To ask for a downward transition I relax my body, let out a big sigh, give 2-3 half halts, and then close my hand while telling her to 'haa-lt" or "waaa-aalk" in a slow soothing voice. She responds promptly near the fence because she has learned that I can use the fence-line for reinforcement but she has realized I have no physical barrier in the middle of the ring.

    It is definitely a desire to have her way as opposed to being scared or not understanding what is being asked.


    Foxtrot: I love this suggestion and I have used it on the lunge line. She understands what it means but unless I can follow through with the fence line barrier she ignores me. Unfortunately we don't want have a round pen at this facility.



  7. #7
    Join Date
    Dec. 31, 2000
    Location
    El Paso, TX
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    14,254

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    Longe with 2 longelines...one on left side of bit, then through ring on left side of surcingle, and the other on the rt side of the bit, run through the middle rt ring on the surcingle then over the back, so you hold both. Halt using a voice command, and half halt (with both lines), and then more pressure if she doesn't.

    (And I laughed at the ironic typo in your thread title...)



  8. #8
    Join Date
    Nov. 22, 2003
    Location
    Virginia
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    The attitude shown by your title and first sentence are troubling. Instead of outsmarting/dominating the horse, try working WITH the animal. The first part of this is determining the ACTUAL problem, which is NOT "Horse won't obey." Look to WHY. Is there a balance problem? Miscommunication on your part? Horses are incredibly accommodating creatures, and when there's a "problem" (as defined by you), there's usually a darned good reason.



  9. #9
    Join Date
    Jun. 20, 2009
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    Northeast Ohio, where mud rules your world...
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    OP, I don't take your title as reality. I am the one with the tempermental mare so I can understand your frustration. I get it.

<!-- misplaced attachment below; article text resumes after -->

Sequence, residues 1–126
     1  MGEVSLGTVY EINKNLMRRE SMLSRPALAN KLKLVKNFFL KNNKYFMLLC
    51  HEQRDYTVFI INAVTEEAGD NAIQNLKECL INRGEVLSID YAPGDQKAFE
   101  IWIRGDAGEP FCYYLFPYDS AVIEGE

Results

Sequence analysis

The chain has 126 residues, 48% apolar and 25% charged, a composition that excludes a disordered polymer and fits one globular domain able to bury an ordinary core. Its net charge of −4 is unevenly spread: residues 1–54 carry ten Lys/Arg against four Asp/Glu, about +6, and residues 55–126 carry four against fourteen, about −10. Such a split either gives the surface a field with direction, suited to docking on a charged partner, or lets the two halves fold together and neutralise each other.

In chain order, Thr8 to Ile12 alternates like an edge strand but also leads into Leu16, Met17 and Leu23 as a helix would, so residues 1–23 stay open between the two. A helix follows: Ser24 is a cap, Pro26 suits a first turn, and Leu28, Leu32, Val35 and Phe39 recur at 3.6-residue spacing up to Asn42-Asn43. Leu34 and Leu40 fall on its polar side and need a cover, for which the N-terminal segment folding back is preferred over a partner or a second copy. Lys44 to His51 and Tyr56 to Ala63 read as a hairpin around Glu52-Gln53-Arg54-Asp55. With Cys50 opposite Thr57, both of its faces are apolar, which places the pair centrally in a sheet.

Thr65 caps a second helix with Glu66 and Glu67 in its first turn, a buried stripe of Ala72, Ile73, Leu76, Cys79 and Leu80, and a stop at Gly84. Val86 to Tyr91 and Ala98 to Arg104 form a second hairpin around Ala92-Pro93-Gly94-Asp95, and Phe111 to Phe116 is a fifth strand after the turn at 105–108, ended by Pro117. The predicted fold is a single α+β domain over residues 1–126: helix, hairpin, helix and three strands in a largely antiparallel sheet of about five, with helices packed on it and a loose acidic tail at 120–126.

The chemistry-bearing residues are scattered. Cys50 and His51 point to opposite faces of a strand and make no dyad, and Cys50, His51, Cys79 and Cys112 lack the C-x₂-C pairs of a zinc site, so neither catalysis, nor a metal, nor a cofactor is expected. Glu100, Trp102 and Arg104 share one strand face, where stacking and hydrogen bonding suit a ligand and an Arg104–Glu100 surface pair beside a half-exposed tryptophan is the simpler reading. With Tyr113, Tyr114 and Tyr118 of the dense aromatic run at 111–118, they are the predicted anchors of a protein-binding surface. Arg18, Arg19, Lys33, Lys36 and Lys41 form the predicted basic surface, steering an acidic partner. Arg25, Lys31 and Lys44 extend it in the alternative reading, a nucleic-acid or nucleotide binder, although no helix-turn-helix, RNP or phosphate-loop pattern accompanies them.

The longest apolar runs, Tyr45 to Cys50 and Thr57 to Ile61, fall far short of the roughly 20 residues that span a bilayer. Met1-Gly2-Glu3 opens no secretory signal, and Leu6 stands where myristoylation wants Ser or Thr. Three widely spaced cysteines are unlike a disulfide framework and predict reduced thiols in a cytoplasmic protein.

So I suggest working dilegently on the Whoa command with her on a very short leash. Get that down pat and have her only about 15 feet out at best. You will have better body control if you are not all the way out on a lunge line. Give her three strikes to get the command. One and two are just the word, three is the word with a very definative pull on the lead and a body block. Always! so she knows that on the third ask, you are going to give a physical command to the lunge line. Every time!!

    Once you have a whoa deeply ingrained start adding just a little jog. Get her to whoa on a dime from the jog, again only out on a long lead line. Then work on whoa from the trot or jog, again while being within very close proximity to her. Make her think that every downward transistion for now is a halt. and she better do it or the third request comes with a snap of the lunge.

    Once you have this then you can start letting her earn her lunge circle space little by little. When a horse is ignoring a ground work cue, you need to get closer to the horse to gain their attention. If you give her a few feet of circle and she goes back to ignoring you, choke back up on the line. She'll get it.

    And no, I don't think making a horse move more and harder is a solution for this. Your horse is moving and won't stop, so make stopping the goal. Do the exact opposite of what the horse is doing. She is zoning out and moving, you get close to zone her in and make her stop. Everytime she zones out on you, you are going to get close and zone her back in. The end result is an obedient horse on a normal lunge circle. But the steps to get that will not look anything like a normal lunge circle until she respects your cues. You've already tried getting the result while she is on a normal size circle and she hasn't given it. So make your circle much smaller and your cues much more definative until she understands the objective. Then let her earn her space on the circle.
    ...don't sh** where you eat...



  10. #10
    Join Date
    Nov. 10, 2006
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    Southern Finger Lakes of NY
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    Quote Originally Posted by GraceLikeRain View Post
    She responds promptly near the fence because she has learned that I can use the fence-line for reinforcement but she has realized I have no physical barrier in the middle of the ring.

    It is definitely a desire to have her way as opposed to being scared or not understanding what is being asked.